I think it was just hormones but it was heartbreaking at the time.

  10. #9
    @hibs.net private member sleeping giant's Avatar
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    Can I just add that I didn't act like that when I was a teenager as my mum didn't take any nonsense and would have slapped my coupon if I were ever to disrespect her.

    We also are not a smacking family as such.

    Might be a connection there :



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  11. #10
    Administrator matty_f's Avatar
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    Really reassuring to read some experiences on here, think it needs patience and I probably need to choose my battles with him rather than calling him out every time he steps out of line.
    http://hibscomebackison.blogspot.co.uk/ - Read my blog "So A Season Starts.. " - Updated TODAY 03/08/15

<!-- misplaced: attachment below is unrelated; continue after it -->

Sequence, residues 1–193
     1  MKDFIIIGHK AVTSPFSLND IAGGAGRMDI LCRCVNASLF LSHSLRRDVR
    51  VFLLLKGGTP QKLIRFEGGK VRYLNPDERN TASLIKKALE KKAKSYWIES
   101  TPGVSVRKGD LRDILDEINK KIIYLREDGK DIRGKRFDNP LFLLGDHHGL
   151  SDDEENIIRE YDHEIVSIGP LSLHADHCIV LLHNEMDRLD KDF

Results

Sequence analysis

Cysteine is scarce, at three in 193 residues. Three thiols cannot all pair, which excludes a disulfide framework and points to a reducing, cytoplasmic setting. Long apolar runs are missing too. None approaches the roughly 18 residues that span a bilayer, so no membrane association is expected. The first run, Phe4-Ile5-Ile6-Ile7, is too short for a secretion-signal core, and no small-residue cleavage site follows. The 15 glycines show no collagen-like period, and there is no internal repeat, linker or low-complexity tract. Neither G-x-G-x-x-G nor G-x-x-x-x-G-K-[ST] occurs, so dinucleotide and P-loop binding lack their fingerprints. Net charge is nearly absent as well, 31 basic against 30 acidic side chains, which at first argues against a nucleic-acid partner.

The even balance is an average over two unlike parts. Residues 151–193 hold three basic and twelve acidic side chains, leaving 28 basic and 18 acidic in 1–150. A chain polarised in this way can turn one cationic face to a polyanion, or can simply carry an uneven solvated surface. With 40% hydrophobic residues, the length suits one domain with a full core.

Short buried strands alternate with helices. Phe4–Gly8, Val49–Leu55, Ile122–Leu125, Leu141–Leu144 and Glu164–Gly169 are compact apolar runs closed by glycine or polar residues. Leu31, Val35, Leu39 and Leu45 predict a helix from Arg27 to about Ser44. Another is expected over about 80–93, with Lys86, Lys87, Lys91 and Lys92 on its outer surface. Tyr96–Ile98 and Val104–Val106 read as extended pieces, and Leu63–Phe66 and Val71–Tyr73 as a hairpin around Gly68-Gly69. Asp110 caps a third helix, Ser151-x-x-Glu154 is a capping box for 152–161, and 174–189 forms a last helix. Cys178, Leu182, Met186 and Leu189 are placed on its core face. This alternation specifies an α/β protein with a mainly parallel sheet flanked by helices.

12. #11
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    Quote Originally Posted by matty_f View Post
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    Really reassuring to read some experiences on here, think it needs patience and I probably need to choose my battles with him rather than calling him out every time he steps out of line.
    You need to learn 'the look' Matty! One of my looks does waaay more than my voice 😂

  13. #12
    @hibs.net private member Mon Dieu4's Avatar
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    Quote Originally Posted by Mrs. S View Post
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    You need to learn 'the look' Matty! One of my looks does waaay more than my voice 😂